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Common weed may lead to drought-resistant crops

A new study led by Yale University has found that a common weed – Portulaca oleracea, commonly known as purslane – could offer important clues about how to create drought resistant crops in a world beset by climate change. According to the experts, this plant integrates two distinct metabolic pathways in order to create a novel type of photosynthesis which enables it to endure droughts, while also remaining highly productive. 

“This is a very rare combination of traits and has created a kind of ‘super plant’ –  one that could be potentially useful in endeavors such as crop engineering,” said study senior author Erika Edwards, a professor of Ecology and Evolutionary Biology at Yale.

Plants have evolved a variety of distinct mechanisms to improve photosynthesis, the process by which they use sunlight to synthesize nutrients from carbon dioxide and water. For example, while corn and sugarcane evolved what is known as C4 photosynthesis, which allows them to remain productive under high temperatures, succulents such as cacti and agaves employ another type called CAM photosynthesis, which helps them survive and thrive in areas with little water, such as deserts. While C4 and CAM serve different functions, they recruit the same biochemical pathway to act as “add-ons” to regular photosynthesis.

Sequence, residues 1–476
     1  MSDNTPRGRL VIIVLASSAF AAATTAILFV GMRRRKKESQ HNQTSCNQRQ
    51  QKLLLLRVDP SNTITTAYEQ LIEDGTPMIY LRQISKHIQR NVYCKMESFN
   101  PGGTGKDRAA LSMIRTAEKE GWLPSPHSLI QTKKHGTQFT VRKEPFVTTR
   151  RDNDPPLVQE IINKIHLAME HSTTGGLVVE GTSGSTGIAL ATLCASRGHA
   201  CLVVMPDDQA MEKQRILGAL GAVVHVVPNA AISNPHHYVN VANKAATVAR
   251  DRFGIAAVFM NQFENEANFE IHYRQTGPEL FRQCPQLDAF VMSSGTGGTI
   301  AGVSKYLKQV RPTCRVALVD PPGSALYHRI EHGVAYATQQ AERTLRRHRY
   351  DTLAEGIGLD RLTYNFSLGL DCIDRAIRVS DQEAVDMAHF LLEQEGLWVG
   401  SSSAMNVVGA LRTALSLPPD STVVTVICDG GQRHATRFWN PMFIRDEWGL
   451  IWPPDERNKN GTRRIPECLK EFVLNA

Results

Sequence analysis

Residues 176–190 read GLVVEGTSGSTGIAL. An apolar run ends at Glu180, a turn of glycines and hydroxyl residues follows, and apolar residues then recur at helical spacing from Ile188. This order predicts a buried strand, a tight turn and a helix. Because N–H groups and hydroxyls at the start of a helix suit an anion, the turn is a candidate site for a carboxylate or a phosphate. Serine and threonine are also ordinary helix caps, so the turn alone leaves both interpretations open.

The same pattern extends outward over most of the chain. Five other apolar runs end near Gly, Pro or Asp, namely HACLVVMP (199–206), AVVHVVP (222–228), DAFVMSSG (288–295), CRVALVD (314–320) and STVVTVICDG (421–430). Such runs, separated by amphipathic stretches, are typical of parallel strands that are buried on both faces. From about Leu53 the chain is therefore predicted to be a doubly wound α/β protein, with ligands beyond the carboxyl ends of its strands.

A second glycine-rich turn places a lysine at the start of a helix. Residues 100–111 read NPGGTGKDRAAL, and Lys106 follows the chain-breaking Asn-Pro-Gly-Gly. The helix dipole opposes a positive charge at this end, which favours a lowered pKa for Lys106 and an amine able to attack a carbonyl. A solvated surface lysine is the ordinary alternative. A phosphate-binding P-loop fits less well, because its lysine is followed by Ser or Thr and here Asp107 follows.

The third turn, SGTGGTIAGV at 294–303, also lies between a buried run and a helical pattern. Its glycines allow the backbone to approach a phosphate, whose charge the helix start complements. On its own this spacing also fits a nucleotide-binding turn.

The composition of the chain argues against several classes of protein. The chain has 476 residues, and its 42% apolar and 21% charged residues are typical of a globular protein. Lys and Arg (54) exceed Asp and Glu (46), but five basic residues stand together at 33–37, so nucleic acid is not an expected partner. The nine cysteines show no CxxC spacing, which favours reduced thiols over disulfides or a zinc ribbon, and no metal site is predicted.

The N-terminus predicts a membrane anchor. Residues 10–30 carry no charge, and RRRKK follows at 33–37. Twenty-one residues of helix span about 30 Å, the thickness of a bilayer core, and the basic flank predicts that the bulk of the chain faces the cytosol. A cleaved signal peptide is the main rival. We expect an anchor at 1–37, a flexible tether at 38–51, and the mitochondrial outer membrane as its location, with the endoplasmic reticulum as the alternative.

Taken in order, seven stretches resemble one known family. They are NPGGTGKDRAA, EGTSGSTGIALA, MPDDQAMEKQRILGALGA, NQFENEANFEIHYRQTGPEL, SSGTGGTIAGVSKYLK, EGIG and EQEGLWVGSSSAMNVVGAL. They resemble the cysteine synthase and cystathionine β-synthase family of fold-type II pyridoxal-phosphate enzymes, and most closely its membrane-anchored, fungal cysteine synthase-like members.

The researchers were surprised to find that purslane possesses both of these evolutionary adaptations, a unique feature that allows it to be both highly productive and resilient to droughts, which is a rare combination for plants. While scientists have initially thought that C4 and CAM operate independently within purslane leaves, spatial analyses of gene expression revealed that C4 and CAM activity were fully integrated, functioning in the same cells, with products of CAM reactions being processed by the C4 pathway. This system provides significant levels of protection during droughts.

Better understanding this metabolic pathway could help scientists devise novel ways of engineering crops that can withstand prolonged droughts. “In terms of engineering a CAM cycle into a C4 crop, such as maize, there is still a lot of work to do before that could become a reality,” said Professor Edwards. “But what we’ve shown is that the two pathways can be efficiently integrated and share products. C4 and CAM are more compatible than we had thought, which leads us to suspect that there are many more C4+CAM species out there, waiting to be discovered.”

The study is published in the journal Science Advances

By Andrei Ionescu, Staff Writer  

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